Warning: The following images may not be quite NSFW, but they sure get weird.
When you hear of a drawing series named "Hot Chicks," you probably envision an onslaught of scantily clad females with accentuated proportions and hyperrealistic beauty. The Moldy Peaches' Adam Green, however, has something very different in mind.
Green's drawings look like what might occur after a kid experienced his first erotic dream, scribbling frantically to recall the details of the sensual affair, yet jumbling them up with his daily dose of video game imagery. The electric crayon images, which make Willem De Kooning's "Woman" look like a realist work, resemble a game of exquisite corpse gone terribly, and somewhat gloriously, awry.
Part woman, part beast, part submarine, part octopus, part glob monster, Green's "chicks" bear little resemblance to their human counterparts. (They do all have boobs, though the boob count ranges from one to nine.) The works' giddy perversion feels like a pre-pubescent fantasy with a flurry of screens in the background, their imagery seeping into your imagination's frame.
For his exhibition "Hot Chicks," Green invited a series of artist friends including Dustin Yellin, Devendra Banhart, Alia Shawkat and Macaulay Culkin to contribute their own riffs on the sexy lady. We reached out to Green to learn more about the series.
How did the "Hot Chicks" series get its start?
I was on tour and we had a layover in an airport, me and my band. I started to draw stuff and I was kind of joking about whether or not I could draw something that my guitar player would jerk off to. Not that he would jerk off to [it] but, like, would that be possible. I drew like 10 women, nothing too hot. [Laughs]
And these were the women in the show?
At first I drew Tijuana Bible type stuff, cartoon girls with big boobs. Then on the plane ride I started drawing really abstract girls and the airline stewardess saw me drawing on the plane and she stopped me and said, "I got to tell you, those are beautiful." I was like "I found it!" I wanted to do these weird chicks. I was thinking about the digital transmission of erotic information and I think I've always been into this idea, ever since I got a cell phone, that we're pretty much living in a video game. I certainly felt like that when I got an iPhone, that I was immersing myself in a video game about life. I was thinking about downloading pornography as these little pixels and squares, these little bundles of information. I was trying to find a way to visually represent that. These women are visualizations of erotic information with all the errors and glitches and mis-loading. That was the feeling I was trying to share, as someone who grew up playing Mario.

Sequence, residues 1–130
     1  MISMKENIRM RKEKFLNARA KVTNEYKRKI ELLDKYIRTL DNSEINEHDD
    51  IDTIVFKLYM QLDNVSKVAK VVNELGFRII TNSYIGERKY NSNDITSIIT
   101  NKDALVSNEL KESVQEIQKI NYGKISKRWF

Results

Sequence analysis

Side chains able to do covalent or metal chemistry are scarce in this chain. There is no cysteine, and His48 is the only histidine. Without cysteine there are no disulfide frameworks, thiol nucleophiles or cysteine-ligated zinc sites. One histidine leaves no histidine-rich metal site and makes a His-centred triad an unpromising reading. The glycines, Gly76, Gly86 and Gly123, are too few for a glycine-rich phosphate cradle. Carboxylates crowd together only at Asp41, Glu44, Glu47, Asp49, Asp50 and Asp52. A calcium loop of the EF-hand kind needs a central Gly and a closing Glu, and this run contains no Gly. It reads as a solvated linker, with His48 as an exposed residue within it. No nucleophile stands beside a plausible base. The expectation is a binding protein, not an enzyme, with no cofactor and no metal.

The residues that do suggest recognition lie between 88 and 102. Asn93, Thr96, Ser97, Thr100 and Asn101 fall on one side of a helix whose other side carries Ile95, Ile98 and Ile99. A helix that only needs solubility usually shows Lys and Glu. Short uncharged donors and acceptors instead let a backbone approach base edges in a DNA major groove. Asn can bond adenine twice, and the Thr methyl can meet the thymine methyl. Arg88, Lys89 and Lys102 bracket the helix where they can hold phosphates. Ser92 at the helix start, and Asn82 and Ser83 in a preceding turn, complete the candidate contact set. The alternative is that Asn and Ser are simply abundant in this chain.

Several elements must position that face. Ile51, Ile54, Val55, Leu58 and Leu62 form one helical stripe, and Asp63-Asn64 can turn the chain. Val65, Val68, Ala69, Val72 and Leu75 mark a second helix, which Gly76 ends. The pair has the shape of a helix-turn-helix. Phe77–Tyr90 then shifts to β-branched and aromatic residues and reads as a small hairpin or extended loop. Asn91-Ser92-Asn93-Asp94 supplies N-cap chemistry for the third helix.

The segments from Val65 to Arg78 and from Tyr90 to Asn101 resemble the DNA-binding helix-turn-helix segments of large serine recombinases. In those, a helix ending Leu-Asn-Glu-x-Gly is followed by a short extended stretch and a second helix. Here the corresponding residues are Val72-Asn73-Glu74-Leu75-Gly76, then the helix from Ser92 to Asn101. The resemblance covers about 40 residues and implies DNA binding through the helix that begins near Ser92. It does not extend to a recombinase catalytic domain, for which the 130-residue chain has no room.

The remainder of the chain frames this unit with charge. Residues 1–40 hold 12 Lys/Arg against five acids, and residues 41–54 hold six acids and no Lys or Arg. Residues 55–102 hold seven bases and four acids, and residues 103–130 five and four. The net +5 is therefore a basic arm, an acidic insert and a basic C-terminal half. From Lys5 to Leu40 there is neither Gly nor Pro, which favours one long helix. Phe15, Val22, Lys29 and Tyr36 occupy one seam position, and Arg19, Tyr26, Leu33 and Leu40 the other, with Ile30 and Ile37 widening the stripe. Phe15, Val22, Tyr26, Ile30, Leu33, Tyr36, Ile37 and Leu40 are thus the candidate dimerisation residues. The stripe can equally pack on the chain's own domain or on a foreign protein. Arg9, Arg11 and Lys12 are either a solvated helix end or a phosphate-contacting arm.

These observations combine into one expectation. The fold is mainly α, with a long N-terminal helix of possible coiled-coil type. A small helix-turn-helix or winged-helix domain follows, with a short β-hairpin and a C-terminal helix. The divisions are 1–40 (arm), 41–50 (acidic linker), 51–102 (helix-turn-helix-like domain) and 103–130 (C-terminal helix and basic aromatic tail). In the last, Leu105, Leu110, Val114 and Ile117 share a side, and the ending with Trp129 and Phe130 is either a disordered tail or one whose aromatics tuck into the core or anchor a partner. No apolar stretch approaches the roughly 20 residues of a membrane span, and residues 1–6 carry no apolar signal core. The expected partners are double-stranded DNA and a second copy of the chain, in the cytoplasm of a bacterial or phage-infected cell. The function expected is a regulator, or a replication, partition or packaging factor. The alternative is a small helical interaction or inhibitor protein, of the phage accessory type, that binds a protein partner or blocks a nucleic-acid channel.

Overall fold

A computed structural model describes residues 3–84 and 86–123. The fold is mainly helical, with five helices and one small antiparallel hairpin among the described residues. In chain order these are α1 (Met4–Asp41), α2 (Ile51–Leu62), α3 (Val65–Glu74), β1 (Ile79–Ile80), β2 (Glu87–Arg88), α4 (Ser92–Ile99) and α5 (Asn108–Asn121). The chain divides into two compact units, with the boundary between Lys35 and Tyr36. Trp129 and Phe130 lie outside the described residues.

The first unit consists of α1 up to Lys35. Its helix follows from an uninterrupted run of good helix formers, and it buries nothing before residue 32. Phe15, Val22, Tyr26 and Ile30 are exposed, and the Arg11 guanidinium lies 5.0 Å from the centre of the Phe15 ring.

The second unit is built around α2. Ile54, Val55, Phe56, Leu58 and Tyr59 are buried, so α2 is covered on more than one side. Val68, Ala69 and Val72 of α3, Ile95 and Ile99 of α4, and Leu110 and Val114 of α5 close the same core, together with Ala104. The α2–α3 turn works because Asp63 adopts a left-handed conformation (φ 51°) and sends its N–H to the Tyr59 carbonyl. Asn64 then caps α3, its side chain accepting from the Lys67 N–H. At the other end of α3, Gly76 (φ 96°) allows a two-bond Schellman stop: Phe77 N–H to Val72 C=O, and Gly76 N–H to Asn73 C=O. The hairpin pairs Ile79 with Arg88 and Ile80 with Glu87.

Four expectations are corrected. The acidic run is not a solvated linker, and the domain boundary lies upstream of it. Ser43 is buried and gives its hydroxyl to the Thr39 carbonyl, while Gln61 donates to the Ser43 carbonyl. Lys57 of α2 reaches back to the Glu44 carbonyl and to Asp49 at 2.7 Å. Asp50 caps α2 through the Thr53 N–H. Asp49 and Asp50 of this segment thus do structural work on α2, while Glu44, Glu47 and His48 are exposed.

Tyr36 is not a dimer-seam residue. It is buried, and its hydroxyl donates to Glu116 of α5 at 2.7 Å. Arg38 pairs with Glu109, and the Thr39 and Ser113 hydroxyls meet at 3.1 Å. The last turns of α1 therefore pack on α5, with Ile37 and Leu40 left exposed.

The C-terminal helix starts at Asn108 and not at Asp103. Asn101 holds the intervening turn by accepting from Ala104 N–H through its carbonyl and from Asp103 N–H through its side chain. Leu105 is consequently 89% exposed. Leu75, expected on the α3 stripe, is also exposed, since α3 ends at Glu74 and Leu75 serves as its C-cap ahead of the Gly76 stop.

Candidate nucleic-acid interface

When I was looking at these I was thinking that you so often see digital artworks looking like they're manmade but you rarely see the opposite -- handmade works looking digital. It really trips you up.
I'm inspired by different things, one being Paul Thek's digital flesh cubes. They're blocks of flesh. There is something about making analogue forms imitate digital forms that's really beautiful. Making a tactile version of pixels. You know those things where you push your hand into the pins and it makes your hands appear in the pins? [A pinpression!] For some reason that's such an impressive thing to look at. Something about the simulation. I think my interest in 3D printing comes from that as well, the idea of the internet becoming flesh.
There's a childish playfulness to the drawings and they're sort of perverted. Do you think kids have a sense of perversion that's washed out of you as an adult?
I think I identify with being a perverted child to some degree. I feel sort of like a naughty boy, I think. I haven't really grown out of that. There's a devious part of my personality that leads me to make erotic prank art. But I think there's also a punk aspect to a lot of my things. But as for my style, I admire the style of drawing where pens are applied with a lot of pressure. It makes me feel like there's a lot of feelings in the lines. When I look at lines I'm really looking for expression. Expressionism is in my heart, you know?
When you asked your friends to also draw female figures did you notice any difference between how the females and males portrayed women? Or was it more wrapped up in their individual styles?
I would say most people, when they drew women, they'd draw something kind of gross, I don't know why. It seemed like most drawings in the show were pretty grotesque or hyper violent or super zoomed in on genitals. Very few people drew a pretty lady. The biggest difference between the men and the women, I'd say, is some of the women focused more on fertility. That was something the men didn't really touch on.
Blackout Turtle Chick
Chick with Ruff
Turtle Desk Chick
All images courtesy of The Hole and Adam Green.